Research Byte relevant to Front-End professionals or the Front-End market.

The Favourite Front-End Frameworks & What This Means for You

Published by Profile picture of Will Kempster from Talent Point. Will Kempster on the 17th June, 2019

In a world where every person, company, place, and idea needs its own web presence, Front-End engineering has become a core technology discipline. Those in Front-End these days are unlikely to experience Waterfall-style delivery and the changing constraints of big-business licensing, constant learning and a hunger for change are central to the mentality of those making their career at the front-end of the web.

This has created an ever-evolving minefield of tech stacks and tooling choices that engineers can use in their projects. Some are popular for business reasons. Most are popular for teams constantly striving to use something new. Shiny Object Syndrome – the instinctive wish to use the fancy new technology and tooling that emerges – is a huge factor in creating, hiring, and retaining front-end talent. Initially, this may look challenging – if we want talent, we have to stay ahead of the new-tooling curve, but how can we do this without constant disruption or an unlimited budget?

The reality is, once you know what’s appealing to Front-End professionals, offering it is no major challenge.

To find out what tech stacks and tools modern Front-End Engineers use and want to learn, we spoke to 477 Front-End technologists. This is what we found.

The Rise of React.js

React.js was the most commonly reported framework of choice, with 60% of respondents stating that they were familiar with React and/or used it in their projects.

Of those that don't know React, or that only use it sparingly, 66% expressed an interest in it, or are currently learning the framework.



These numbers roughly reflect those of the global State of JavaScript report 2018, in which 64.8% of respondents reported having used it and liking it, while 19.1% of the total (approximately 66% of those who had never used it before) expressed an interest in learning it in the future.

Going forward, the use of React is expected to rise even further. Since 2018, that usage has increased by 12.6%, going from 27.8% of web developers using it worldwide to 31.3% (as reported within the 2018 and 2019 Stack Overflow Developer Surveys).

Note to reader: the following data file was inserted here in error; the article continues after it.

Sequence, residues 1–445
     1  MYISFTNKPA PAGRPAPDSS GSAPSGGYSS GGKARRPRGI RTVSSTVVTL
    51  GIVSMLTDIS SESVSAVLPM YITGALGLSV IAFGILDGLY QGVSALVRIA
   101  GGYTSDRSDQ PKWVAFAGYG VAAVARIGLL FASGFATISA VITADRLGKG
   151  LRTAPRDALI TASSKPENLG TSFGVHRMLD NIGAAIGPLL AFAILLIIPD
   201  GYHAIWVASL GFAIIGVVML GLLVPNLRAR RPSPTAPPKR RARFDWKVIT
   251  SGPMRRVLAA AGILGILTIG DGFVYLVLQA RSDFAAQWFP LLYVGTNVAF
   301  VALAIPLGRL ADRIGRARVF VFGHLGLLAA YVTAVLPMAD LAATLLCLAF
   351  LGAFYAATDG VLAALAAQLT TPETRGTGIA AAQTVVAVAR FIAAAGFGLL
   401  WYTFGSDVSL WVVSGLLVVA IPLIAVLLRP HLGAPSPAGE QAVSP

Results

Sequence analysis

This rising interest can be seen clearly within Google Trends, both globally and in the UK (depicted below). Interest in Node.js is plateauing both in the UK and globally, while interest in Angular has begun to show a general downward trajectory in the UK, suggesting it has entered a 'mature' phase, much like the extremely entrenched Node ecosystem. Worldwide, however, Angular has surpassed Node – suggesting developers in the UK are more disinclined toward Angular as compared to developers worldwide.



React was also named the most-loved web framework in the recent Stack Overflow Developer Survey 2019, with 74.5% of global developers voting for it above other frameworks.

It’s also interesting to note that, in the same survey, jQuery largely split the vote; 54.3% developers voted it as their favoured "framework"*, while 54.7% voted it their most dreaded. Nonetheless, despite the varied responses, jQuery was the second most commonly used framework amongst London’s Front-End Engineers, with 41% of our respondents saying they used it in their roles and projects.

* jQuery itself is a library, not a framework, but it made an appearance in both our own applicant responses and in the Stack Overflow survey, so we included it.

A Career Path into Full-Stack

The progression from pure Front-End to Full-Stack usually starts with learning Node.js, after which the developer may choose to move into Express.js, Koa.js, Hapi.js, or any of the other back-end frameworks.